Microsoft is giving Windows XP another stay of execution. The operating system was supposed to have been phased out by now, but since Windows Vista doesn’t run well on netbooks, and since netbooks are the fastest growing segment of the computer industry, Microsoft has been allowing mini-laptop makers to load the 8 year old operating system on computers that meet certain requirements (small screens and hard drives, slow processors, etc).

And even though Windows 7 is designed from the ground up to perform well on systems with limited resources like netbooks, Microsoft VP Mike Nash recently said that companies will be able to preinstall Windows XP on netbooks for another 12 months after Windows 7 is released.

In other words, if Windows 7 is made available later this year, you’ll still be able to pick up a netbook running XP well into 2010. That creates an interesting situation where you’ll be able to purchase retail licenses for Windows 7 and Vista, and pick up a computer preloaded with XP all in the same shopping trip. Heck, you could throw a Windows Mobile phone into your cart while you’re at it and walk away with four different devices running four different Microsoft operating systems. Oh yeah, there’s also Windows Home Server…

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16 replies on “Windows XP: The netbook OS that will not die”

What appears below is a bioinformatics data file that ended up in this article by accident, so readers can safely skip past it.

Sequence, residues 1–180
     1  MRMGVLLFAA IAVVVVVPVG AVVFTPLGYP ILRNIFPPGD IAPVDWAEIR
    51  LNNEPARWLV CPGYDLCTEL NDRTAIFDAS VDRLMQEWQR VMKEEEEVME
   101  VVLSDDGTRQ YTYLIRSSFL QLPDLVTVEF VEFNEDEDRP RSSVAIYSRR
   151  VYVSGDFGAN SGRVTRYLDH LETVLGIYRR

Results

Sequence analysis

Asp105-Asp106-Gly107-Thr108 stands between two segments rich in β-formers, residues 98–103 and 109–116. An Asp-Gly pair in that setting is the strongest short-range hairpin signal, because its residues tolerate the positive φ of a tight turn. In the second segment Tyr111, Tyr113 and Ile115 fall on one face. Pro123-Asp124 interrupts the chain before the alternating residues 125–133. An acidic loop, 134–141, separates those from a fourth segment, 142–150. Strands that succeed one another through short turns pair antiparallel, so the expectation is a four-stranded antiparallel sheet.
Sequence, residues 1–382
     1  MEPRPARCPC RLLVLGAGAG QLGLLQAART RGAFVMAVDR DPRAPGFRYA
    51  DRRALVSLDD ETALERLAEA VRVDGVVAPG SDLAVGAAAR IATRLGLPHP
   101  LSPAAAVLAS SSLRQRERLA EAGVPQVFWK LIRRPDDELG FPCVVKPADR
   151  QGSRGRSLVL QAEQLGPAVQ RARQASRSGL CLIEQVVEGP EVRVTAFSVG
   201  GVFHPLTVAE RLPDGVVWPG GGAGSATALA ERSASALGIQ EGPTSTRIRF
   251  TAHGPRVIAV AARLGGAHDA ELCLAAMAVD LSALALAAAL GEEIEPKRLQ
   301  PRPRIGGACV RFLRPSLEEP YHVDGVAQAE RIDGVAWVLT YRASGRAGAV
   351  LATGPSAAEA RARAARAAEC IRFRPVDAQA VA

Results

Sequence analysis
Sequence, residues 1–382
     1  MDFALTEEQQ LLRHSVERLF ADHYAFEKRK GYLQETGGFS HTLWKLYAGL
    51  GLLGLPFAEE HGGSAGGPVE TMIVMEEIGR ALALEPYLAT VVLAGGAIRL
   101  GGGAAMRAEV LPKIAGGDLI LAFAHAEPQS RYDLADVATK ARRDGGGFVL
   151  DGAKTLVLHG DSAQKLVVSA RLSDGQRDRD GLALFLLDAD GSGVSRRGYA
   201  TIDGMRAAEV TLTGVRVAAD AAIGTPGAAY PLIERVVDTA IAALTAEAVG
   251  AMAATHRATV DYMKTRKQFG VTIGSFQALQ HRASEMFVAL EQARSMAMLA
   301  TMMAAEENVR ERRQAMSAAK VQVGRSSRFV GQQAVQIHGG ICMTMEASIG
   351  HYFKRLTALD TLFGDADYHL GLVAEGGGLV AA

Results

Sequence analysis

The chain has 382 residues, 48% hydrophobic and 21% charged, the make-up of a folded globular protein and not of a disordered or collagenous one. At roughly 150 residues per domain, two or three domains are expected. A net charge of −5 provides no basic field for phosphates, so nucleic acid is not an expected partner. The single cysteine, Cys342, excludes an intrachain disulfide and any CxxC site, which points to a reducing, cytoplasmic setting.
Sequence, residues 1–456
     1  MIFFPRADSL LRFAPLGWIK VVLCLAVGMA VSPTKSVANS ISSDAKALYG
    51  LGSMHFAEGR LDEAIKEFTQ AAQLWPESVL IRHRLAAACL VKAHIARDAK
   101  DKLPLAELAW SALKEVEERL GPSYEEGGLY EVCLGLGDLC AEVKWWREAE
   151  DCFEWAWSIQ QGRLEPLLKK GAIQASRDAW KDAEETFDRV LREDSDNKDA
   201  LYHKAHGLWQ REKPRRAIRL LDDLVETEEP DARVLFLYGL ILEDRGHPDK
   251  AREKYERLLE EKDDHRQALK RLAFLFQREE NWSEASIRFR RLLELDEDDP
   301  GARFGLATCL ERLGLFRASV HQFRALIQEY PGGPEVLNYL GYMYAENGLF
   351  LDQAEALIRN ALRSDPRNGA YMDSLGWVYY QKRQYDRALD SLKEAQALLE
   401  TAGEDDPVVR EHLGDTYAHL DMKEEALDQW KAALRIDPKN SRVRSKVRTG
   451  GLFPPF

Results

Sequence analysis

1. does anyone knoww where i can find a netbook with windows 7 and is not to expensive. my daughter has been bugging me about it and i cant seem to find it. please help

  2. However it is still hard to make a choice, the humble XP or the new arrival Windows 7. I’m using XP now, both on PC and netbook. But honestly, I’d be pleased to give the Windows 7 a try to run on my netbook. I’d love to try something new, although sometimes I have to face the fact that it is not worth trying.

  3. Coincidentally, I just installed XP Pro on an elderly Dell which had an old, beatup Win 2K install on it, and it ran very well indeed. I initially tried Xubuntu, but I was disappointed by how slow and laggy it was. Too bad, really, as the person the PC was for would certainly have been happy enough with it.

  4. I think this annoucement pretty much sums up some important questions.

    It is a safe bet that Microsoft got the word from the OEMs and that few OEMs started an intent to shift many of their existing lines to Windows 7. That says they either don’t believe 7 will drive enough sales to justify the effort to retool their image and remainder the existing XP units in the pipeline or they don’t think it will perform better than XP on the existing hardware. Considering it would either be 7 Starter or a price increase I’d bet they figured. rightly, that XP will sell better than Starter or a price increase.

    The big question comes as new models are introduced after 7. If they also stick with XP we can expect the ‘deadline’ for ending XP licensing to move again. Can they really drop a product that is still selling with such gusto?

  5. The reason that the Windows saga goes on and on is that Microsoft has to continue to protect its massive Windows income stream.

    Microsoft can’t accept that the average computer user wants nothing more from an operating system than for it to stay the hell out of the way.

    Nobody buys a computer to enjoy an operating system. Smooth running application programs are what interests computer users.

  6. I think we can all agree that Microsoft had no idea, no roadmap, making it up as they go along. Of course, this is the company that was surprised with that internet thing taking off, so it shoukldnt be a surprise.